When you are in Altstadt, or Old City of Hamburg sightseeing is one of the main things to do in the city’s oldest and most popular district. The most famous landmarks within this quarter are the Office Buildings and Chile House. The Mohlenhof, Spinkenhof and Messberghof are also frequently visited attractions. In certain areas of the Altstadt, it is as though time has stood still; at Cremon Street, for example, homes and businesses are still right beside each other. Goods are taken in on the canal end of buildings, while customers enter from the street end. On Dyke Street, a traditional street for traders, there are shops, homes and many pubs and restaurants. Here, one is welcome to sample the local delicacies and brews.
The St. Michaelis Church, dating from the mid 18th century, has two superlatives to its name. It is north Germany’s most significant Baroque church and it has Germany’s biggest clock face, at a circumference of just under 79 feet. From the viewing platform of the 433 feet Michel Tower, you can look out over the splendour of Hamburg and its harbour. A twice daily ritual takes place here at 10am and 9pm, whereby a piece of classical music is played on a trumpet. This melody carries for several kilometres.
The Stock Exchange / Chamber of Commerce Hamburg, Germany’s oldest financial building, can be found behind the Town Hall. Visitors are welcome to come and have a look around. Krameramtswohnungen is a very old district in Hamburg, dating from the 1600s. There are many very fine old buildings here, as well as offices, apartments and shops. Here, one can really feel the unique old world charm of Hamburg. In the Hamburg History Museum, you can see the inside of one of the preserved merchant’s apartments, with furniture that dates from the mid-late 19th century.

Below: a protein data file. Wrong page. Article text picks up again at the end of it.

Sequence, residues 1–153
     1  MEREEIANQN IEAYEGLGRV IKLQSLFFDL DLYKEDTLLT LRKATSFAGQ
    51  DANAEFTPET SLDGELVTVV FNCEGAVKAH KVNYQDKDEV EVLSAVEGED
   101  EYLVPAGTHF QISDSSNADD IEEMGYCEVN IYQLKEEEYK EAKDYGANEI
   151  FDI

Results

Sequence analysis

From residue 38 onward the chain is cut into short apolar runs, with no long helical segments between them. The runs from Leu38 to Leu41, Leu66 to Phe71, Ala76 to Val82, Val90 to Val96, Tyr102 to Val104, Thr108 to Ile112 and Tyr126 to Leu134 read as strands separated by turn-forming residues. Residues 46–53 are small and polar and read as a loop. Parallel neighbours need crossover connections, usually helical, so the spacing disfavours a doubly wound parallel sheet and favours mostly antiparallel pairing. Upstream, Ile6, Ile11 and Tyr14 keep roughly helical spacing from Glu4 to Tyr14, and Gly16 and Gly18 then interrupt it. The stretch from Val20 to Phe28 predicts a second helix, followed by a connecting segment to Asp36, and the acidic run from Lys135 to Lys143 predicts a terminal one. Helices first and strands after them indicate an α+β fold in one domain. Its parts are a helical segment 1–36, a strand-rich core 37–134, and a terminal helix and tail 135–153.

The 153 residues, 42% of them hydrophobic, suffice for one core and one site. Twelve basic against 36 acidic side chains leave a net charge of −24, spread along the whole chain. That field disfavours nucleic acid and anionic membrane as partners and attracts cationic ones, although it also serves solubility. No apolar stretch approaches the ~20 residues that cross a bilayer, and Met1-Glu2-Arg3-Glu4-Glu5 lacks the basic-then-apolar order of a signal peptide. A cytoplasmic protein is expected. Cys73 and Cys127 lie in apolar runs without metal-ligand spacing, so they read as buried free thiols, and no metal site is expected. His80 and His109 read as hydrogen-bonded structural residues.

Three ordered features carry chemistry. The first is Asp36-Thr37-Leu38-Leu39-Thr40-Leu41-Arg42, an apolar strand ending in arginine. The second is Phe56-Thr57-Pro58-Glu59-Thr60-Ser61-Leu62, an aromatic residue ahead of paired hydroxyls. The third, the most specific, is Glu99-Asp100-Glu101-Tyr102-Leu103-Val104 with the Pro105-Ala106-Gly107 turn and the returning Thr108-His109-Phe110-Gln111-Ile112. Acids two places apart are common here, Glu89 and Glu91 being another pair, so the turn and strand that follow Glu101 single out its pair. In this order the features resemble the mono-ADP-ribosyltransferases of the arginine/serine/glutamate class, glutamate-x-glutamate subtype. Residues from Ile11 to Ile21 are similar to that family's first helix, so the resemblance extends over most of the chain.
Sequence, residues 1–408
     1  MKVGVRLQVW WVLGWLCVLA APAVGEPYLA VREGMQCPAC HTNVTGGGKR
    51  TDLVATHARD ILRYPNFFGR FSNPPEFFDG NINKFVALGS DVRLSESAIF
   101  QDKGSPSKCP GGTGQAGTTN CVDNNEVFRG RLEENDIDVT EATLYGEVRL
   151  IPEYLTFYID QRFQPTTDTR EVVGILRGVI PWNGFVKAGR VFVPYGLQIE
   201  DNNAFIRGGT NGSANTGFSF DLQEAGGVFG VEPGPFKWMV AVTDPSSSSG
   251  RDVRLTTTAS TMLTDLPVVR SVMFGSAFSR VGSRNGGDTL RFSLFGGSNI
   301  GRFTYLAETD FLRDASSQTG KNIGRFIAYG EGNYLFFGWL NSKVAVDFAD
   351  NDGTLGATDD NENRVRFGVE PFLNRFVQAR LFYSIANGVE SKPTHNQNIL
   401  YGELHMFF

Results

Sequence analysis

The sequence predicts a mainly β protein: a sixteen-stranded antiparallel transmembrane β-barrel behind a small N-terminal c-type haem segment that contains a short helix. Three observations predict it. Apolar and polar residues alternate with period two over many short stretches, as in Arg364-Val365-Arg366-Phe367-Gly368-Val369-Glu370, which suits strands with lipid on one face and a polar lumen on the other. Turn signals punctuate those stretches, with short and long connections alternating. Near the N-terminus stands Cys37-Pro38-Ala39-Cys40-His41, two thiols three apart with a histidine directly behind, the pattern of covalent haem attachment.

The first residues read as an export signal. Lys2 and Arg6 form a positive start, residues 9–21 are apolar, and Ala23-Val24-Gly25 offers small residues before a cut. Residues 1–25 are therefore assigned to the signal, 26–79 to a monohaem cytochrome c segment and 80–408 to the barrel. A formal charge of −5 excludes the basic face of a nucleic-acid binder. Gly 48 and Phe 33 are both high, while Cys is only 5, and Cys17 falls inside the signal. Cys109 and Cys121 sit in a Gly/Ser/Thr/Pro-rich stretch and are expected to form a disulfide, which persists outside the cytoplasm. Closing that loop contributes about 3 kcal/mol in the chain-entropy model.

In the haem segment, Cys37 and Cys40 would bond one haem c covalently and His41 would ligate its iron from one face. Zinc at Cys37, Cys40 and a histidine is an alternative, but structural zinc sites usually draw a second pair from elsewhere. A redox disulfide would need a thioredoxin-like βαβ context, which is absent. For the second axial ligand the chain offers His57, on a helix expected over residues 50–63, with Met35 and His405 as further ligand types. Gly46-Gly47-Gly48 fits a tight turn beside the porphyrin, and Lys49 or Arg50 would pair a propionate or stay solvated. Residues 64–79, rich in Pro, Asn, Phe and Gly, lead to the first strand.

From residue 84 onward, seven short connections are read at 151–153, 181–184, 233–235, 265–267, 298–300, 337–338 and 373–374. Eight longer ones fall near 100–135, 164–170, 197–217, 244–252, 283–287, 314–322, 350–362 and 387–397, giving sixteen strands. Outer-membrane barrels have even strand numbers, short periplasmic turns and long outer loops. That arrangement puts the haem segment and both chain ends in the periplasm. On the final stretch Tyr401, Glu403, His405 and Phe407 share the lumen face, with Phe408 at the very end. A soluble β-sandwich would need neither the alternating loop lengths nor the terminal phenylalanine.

The 918 feet Television Tower, in Lagerstrasse, is the highest building in Hamburg. It took three years to build, finally reaching completion in 1968. In January 2001 the 420 feet viewing platform was closed to the public, due its state of disrepair. Unfortunately repairs would be very costly, so it will be many years before they are carried out, if they happen at all.
The early 17th century Jewish Cemetery, spread across one hectare in Altona, is thought to be amongst the world’s most significant Jewish cemeteries. This is due to its layout and the large number of quite unique plots and headstones that are situated here. It is split into an Ashkenazic section and a Sephardic section. Guided tours are available each Sunday at midday, and cost five Euro for adults (access for children is free). The public can only access the cemetery between October and March from 2-5pm on Tuesday, Thursday and Sunday. From April to September, it is open to public access from 3-6pm on Tuesday and Thursday, and 2-5pm on Sunday. No public access is allowed on Jewish and Bank Holidays. However, if you head to Eduard-Duckesz-House, you will be afforded great views of the cemetery without needing to enter the grounds.